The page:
Global uncertainty, weak yuan ensure muted start for Shenzhen-Hong Kong stock connect
Fund managers believe new cross-border scheme will bring long-term value, after disappointing day-one trade
Overseas market uncertainties, overpriced stocks and a weak yuan are among the reasons for the anticlimactic debut of the Shenzhen-Hong Kong stock connect on Monday, according to analysts.
International investors spent just 2.67 billion yuan buying stocks in Shenzhen via the northbound trading enabled by the new cross-border scheme, equivalent to 21 per cent of the daily quota. That’s far below the 13 billion yuan invested at the debut of the Shanghai-Hong Kong stock connect in November 2014, when the daily quota was used up by 2pm.
Southbound trade, in which mainlanders trade Hong Kong stocks via the scheme, stood at only HK$923 million on Monday, just 8 per cent of the daily quota and also well short of the Shanghai-Hong Kong stock connect debut which saw southbound trade of 1.8 billion yuan.
The figures also fall short of today’s turnover through the Shanghai link, which stood at 6.80 billion yuan in northbound and HK$4.43 billion in southbound trades.
Henry Chan , chief investment officer at BEA Union Investment Management, said the new link had to contend with more global political turmoil than its Shanghai counterpart two years ago. Today’s launch, which coincided with the Italian referendum that resulted in Prime Minister Matteo Renzi quitting, comes after Britain’s vote in June to leave the European Union and ahead of crucial presidential elections in France and Germany next year.
“The HK-Shanghai Connect landed in the market when expectations of financial reforms and internationalisation of the Chinese yuan were building up,” Chan said.
Edmund Yun, head of investment solutions at French private bank CIC Investor Services, said stock valuations are much more expensive in Shenzhen compared with those in Shanghai and Hong Kong.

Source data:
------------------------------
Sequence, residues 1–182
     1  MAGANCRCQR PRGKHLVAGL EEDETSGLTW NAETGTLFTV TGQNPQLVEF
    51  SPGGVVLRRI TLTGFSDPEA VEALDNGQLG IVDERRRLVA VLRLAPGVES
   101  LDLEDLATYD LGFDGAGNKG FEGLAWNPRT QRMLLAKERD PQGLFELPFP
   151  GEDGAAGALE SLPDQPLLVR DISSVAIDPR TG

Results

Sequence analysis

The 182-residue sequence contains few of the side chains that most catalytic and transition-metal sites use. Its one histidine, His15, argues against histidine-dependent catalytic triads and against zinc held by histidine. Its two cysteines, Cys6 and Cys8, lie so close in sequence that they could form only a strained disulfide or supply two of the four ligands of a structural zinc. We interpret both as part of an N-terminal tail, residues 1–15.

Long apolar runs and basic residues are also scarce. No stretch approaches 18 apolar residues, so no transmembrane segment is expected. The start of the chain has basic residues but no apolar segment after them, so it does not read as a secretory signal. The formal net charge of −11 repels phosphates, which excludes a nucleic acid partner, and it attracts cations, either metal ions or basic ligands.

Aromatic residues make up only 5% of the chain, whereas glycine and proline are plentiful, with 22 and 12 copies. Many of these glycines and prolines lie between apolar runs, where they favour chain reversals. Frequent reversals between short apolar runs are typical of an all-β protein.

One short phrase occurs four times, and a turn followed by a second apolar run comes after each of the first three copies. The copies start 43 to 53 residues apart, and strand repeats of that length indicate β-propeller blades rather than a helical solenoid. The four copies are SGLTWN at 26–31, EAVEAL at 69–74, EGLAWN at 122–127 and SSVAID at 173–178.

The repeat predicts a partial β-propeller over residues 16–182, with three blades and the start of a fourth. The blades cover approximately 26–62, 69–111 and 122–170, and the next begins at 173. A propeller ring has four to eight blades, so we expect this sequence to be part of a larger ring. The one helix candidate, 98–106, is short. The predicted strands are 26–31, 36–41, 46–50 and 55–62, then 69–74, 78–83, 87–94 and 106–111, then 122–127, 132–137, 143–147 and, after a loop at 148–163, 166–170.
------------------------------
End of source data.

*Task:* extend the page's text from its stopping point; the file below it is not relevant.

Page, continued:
The Shenzhen Composite forward price earning ratio for next year is expected to be at 25 times, compared with Shanghai’s 14 times and Hang Seng’s 11.5 multiple.
Yun said comments at the weekend by China Securities Regulatory Commission chairman Liu Shiyu slamming ‘abnormal phenomena’ within the capital market also led to some sell-off.
“Given the fact that the Chinese yuan is targeted to link with a basket of currencies rather than just the US dollar, further weakness in the euro and Japanese yen would put more pressure on the yuan going forward and hence will affect the valuation of H-shares in Hong Kong and the appetite for Chinese stocks in general,” Yun said, adding that there are also fears China may introduce more capital control policies to avoid further outflow.
Ken Wong, Asia equity portfolio specialist at Eastspring Investments, said many mutual fund managers may have been unable to trade through the new connect scheme on Monday as it was announced only a week before its launch.
“A lot of fund houses might have not been able to make all the necessary legal wording changes to their offering documents and hence there might only be a limited number of funds that can fully trade the new stock connect,” Wong said.
Brett McGonegal, chief executive of Capital Link International, said: “A weak debut isn’t a vote of no confidence in the new Hong Kong and Shenzhen connect but rather a symbol of eyeballs and focus being away from China now on some real issues happening in the world.”
McGonegal believes the new connect scheme is “another success in the long line of market reforms that are steadily gaining international respect for the Chinese markets and regulators.”
Hong Kong Investment Funds Association chief executive Sally Wong also said the Shenzhen and Hong Kong stock connect has strategic significance, providing a channel for international investors to enjoy greater access to mainland markets.
Keith Pogson, a senior partner at EY, said there are far fewer index constituent stocks in Shenzhen and hence a smaller “immediate” attraction for investors who track indices.
“Over time, we would expect to see large volumes as more investors see the opportunities and gain comfort in a process that should hopefully work well. As with many stock markets , volume gets volume,” Pogson said.